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Are You Sexy, Flirty, Or A Slut? Exploring ‘Sexualization’ and How Teen Girls Perform/Negotiate Digital Sexual Identity on Social Networking Sites

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Abstract

In February 2010 The UK Home Office released a high-profile report, ‘The Sexualisation of Young People’. The UK report came rather late in the international context, following on from earlier reports, including the American Psychological Association Taskforce report on the sexualization of girls (APA, 2007), and the Australian government-led research on the sexualization of children, which generated widespread debate over ‘corporate paedophilia’ (Rush and La Nauze, 2006).
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... Before the advent of social networking sites (SNSs), the traditional mass media (e.g., TV commercials and programs, magazines, etc.) consumed in Western societies were the most pervasive and powerful influence [11,12], exerting negative effects on body image [13][14][15][16][17][18]. Currently, SNSs and specially appearance-based SNSs (i.e., those involving appearance-oriented activities such as the posting and viewing of photos) are recognized as problematic in terms of body image and eating behaviors [19][20][21], given the importance assigned to physical appearance [22,23]; SNSs users selectively self-present their-and are presented with-most attractive and idealized body photos [24][25][26]. ...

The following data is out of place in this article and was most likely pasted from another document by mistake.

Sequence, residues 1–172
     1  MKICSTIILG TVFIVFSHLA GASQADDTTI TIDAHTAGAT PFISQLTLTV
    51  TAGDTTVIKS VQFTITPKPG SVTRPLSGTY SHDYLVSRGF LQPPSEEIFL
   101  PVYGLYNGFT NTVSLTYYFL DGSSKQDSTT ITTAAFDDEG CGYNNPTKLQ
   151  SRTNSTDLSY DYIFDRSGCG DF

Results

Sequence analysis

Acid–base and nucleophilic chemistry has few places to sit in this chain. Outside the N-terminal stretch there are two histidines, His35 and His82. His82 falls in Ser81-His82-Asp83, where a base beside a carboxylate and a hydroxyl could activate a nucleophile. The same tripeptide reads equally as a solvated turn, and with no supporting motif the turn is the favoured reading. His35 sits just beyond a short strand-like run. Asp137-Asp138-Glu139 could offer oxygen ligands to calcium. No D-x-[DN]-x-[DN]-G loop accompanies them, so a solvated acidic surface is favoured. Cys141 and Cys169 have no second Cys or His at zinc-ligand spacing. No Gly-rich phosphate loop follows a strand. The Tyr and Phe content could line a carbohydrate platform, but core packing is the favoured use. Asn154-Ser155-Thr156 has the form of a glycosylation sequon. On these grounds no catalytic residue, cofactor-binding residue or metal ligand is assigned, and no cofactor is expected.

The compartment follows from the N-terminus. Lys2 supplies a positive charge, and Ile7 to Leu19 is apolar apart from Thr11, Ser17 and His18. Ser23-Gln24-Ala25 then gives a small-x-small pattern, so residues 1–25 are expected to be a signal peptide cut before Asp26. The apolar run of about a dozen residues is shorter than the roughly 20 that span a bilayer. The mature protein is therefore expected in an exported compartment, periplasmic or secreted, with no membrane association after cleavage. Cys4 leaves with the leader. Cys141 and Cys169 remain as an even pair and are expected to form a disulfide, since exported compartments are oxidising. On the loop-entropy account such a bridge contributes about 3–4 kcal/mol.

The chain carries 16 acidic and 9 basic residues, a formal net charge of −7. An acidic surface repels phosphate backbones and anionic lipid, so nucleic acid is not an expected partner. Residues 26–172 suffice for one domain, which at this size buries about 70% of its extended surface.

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... All women characters in our corpus further the sociosexual script of women as sexual gatekeepers, and therefore, as responsible for any deviation from sociosexual norms (e.g., being too sexual or not sexual enough are both socially punished, and the stigma is greater when women do not show sexual agency or selfcontrol; Bay-Cheng, 2015;Comunello, Parisi, and Ieracitano, 2020;Ringrose, 2011;Wiederman, 2005). Gender differences in sexual inexperience and virginity loss trajectories reflect both Carpenter's research (Carpenter, 2002(Carpenter, , 2009(Carpenter, , 2010, in which women were more likely to describe themselves as lacking agency in their experiences of virginity loss, and sexual scripts prescribing women to "save themselves" sexually (Carpenter, 2010, p. 160). ...
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